#    Describes how to expand properties from SMS objects with "lazy" properties:
#      http://trevorsullivan.net/2010/09/28/powershell-configmgr-wmi-provider-feat-lazy-properties/
#    Describes using the [wmi] type accelerator to retrieve WMI objects by absolute path:
#      http://windowsitpro.com/scripting/type-accelerators-useful-undocumented-feature-powershell-10
#    Describes the difference between [wmi] and [wmiclass] objects:
#      http://tfl09.blogspot.com/2008/12/powershells-wmiclass-type-accelerator.html
[CmdletBinding()]
Param(
    [Parameter(Mandatory=$True,Position=1)][string]$name,
    [Parameter(Position=2)][string]$namespace
)
Set-PSDebug -Strict

#CM Server info:
#[string]$namespace = 'root\sms\site_' + $SiteCode

#Set the WQL-formatted filter which will return a specific WMI object (Task Sequence Package object):
[string]$TSPackageName = $name

#Specify the name of the Driver Injection Group to be added to the Task Sequence:
[string]$TSGroupName = 'UVM Driver Package Injection Group'

#Supported OS Versions:
[string[]]$OSList = @('Win7','Win8','Win10')

Import-Module 'c:\local\scripts\UVM-ConfigurationManager.psm1'

#Set default value for $namespace, if not provided as a parameter:
if ((-not (Test-Path Variable:\namespace)) -or !$namespace) {[string]$namespace = Get-SMSSiteNamespace}

# Get the Name and PackageID for all driver packages currently defined in SCCM, and put them into an array:
[array]$DPackages = @()
$DPackages = Get-WmiObject -Namespace $namespace -Query "Select Name,PackageID from SMS_DriverPackage" | Select-Object -Property Name,PackageID | Sort-Object -Property Name 

######################################################
########## Begin Create New Driver TS Group ##########
#Create a new Task Sequence Group:
$NewTSGroup = New-SMSObject -class SMS_TaskSequence_Group
$NewTSGroup.Name = $TSGroupName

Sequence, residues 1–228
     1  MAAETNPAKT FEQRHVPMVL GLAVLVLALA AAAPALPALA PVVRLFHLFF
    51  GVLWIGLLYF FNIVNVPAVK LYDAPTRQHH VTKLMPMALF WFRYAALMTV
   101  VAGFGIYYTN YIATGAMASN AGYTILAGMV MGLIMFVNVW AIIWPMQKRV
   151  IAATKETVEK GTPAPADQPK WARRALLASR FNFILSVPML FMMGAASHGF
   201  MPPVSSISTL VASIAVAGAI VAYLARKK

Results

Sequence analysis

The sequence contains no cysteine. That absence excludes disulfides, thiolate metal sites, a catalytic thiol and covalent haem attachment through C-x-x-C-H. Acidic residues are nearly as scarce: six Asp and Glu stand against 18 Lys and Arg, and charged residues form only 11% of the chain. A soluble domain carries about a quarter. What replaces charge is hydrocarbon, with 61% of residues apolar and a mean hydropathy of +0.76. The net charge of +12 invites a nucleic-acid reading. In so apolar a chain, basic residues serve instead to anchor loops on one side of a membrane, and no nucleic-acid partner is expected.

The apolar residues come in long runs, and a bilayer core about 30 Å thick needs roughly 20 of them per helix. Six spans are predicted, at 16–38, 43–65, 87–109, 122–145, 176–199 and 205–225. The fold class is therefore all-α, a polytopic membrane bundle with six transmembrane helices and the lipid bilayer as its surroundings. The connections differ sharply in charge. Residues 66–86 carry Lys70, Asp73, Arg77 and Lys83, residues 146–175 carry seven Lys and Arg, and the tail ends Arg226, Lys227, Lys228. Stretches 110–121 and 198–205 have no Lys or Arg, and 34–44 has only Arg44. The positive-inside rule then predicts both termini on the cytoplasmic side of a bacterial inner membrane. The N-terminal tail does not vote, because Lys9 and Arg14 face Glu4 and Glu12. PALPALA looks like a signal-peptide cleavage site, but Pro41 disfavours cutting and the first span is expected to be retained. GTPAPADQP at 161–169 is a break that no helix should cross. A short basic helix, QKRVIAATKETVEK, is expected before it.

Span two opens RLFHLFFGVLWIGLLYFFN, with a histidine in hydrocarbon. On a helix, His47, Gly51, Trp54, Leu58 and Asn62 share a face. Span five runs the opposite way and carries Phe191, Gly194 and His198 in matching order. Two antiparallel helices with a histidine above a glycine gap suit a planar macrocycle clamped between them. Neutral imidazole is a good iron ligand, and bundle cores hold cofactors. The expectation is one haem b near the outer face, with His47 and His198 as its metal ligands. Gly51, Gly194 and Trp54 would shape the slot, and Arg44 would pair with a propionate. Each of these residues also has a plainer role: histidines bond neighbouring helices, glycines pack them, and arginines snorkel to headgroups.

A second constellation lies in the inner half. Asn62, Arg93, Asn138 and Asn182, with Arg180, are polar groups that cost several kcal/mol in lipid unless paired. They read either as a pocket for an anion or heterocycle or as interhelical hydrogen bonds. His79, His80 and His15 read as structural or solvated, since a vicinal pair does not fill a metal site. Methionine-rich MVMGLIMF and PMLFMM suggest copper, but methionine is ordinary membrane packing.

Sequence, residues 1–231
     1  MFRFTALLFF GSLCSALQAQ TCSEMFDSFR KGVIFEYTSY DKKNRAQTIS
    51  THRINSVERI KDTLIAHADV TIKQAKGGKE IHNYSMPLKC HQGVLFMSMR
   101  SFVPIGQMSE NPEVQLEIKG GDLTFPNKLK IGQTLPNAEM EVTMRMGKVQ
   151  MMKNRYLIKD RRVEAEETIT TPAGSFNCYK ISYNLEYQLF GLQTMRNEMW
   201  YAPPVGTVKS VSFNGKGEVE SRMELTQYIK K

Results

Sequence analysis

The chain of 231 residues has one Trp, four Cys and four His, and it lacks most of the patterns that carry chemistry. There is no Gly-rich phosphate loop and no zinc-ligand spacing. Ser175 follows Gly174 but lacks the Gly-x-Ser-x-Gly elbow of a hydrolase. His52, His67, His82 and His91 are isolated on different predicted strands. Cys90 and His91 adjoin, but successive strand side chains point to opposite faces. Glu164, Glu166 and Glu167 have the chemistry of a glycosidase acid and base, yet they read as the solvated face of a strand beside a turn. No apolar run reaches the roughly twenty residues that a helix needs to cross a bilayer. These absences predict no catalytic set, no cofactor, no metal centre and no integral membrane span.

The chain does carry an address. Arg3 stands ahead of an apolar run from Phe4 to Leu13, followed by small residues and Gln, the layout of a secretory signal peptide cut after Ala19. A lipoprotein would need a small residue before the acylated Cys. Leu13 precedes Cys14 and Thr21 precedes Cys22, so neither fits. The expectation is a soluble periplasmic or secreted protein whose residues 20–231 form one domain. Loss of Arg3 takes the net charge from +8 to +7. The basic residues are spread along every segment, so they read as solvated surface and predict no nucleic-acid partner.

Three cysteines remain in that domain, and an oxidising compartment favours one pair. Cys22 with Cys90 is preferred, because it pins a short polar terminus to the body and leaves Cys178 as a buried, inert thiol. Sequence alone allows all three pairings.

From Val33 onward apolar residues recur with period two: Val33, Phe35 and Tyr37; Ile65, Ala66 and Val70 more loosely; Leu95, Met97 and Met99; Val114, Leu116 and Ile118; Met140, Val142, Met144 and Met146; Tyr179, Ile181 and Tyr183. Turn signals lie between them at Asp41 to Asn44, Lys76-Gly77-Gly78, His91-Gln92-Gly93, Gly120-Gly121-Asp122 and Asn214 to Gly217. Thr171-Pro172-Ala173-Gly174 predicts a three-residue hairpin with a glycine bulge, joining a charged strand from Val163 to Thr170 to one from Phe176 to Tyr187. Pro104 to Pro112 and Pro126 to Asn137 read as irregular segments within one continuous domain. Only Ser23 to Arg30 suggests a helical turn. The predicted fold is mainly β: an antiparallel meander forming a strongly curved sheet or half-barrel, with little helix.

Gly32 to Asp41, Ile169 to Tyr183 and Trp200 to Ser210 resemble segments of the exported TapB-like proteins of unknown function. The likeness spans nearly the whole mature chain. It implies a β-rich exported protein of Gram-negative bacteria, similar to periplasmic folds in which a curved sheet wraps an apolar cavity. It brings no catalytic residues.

$NewTSGroup.Description = "Copy this group into a task sequence to replace all pre-existing driver actions."
#Add an action to run the Package Detection script:
$PkgDetectTSAction = New-SMSObject -class SMS_TaskSequence_RunCommandLineAction
$PkgDetectTSAction.Name = "Run the Driver Package Detection Script"
$PkgDetectTSAction.Description = "Run a script to determine which (if any) driver package to apply to the operating " `
    + "system.  This script will set the 'UVMDriverPackageDetected' and 'UVMDriverPackage' variables."
$PkgDetectTSAction.CommandLine = 'cscript.exe %DeployRoot%\Scripts\ZUVMDetectDriverPackage.wsf'
#Create the "Apply Packages" Group":
$ApplyPkgsTSGroup = New-SMSObject -class SMS_TaskSequence_Group
$ApplyPkgsTSGroup.Name = "Apply Driver Packages Group"
$ApplyPkgsTSGroup.Description = "Apply the detected package group and other mandatory groups, if a package was detected."
$TSCondition = New-SMSObject -namespace $namespace -class SMS_TaskSequence_Condition
#Create a Task Sequence Condition Expression object:
$TSConditionExp = New-SMSObject -namespace $namespace -class SMS_TaskSequence_VariableConditionExpression
$TSConditionExp.Operator = "equals"
$TSConditionExp.Value = "YES"
$TSConditionExp.Variable = "UVMDriverPackageDetected"
#Add the condition expression to the "operands" attribute of the condition object:
$TSCondition.Operands = @($TSConditionExp) #  Multiple conditions are possile, use an array.
#Add the Condition object to the condition attribute of the Group object:
$ApplyPkgsTSGroup.Condition = $TSCondition #  Only one condition, not an array.
$TSConditionExp.Dispose()
$TSCondition.Dispose()
foreach ($package in $DPackages) {
    if ($package.name -notmatch '^Other|^WinPE') { # Exclude Other and WinPE packages... these are for "AutoApply" logic only.
        #Create a new Task Sequence Action object:
        $TSAction = New-SMSObject -namespace $namespace -class SMS_TaskSequence_ApplyDriverPackageAction
        #Set the required properties
        $TSAction.name = 'Apply the ' + $package.Name + ' Driver Packge'
        $TSAction.Description = "Conditionally install this driver package, if it matches the UVMDriverPackage TS Environment Variable."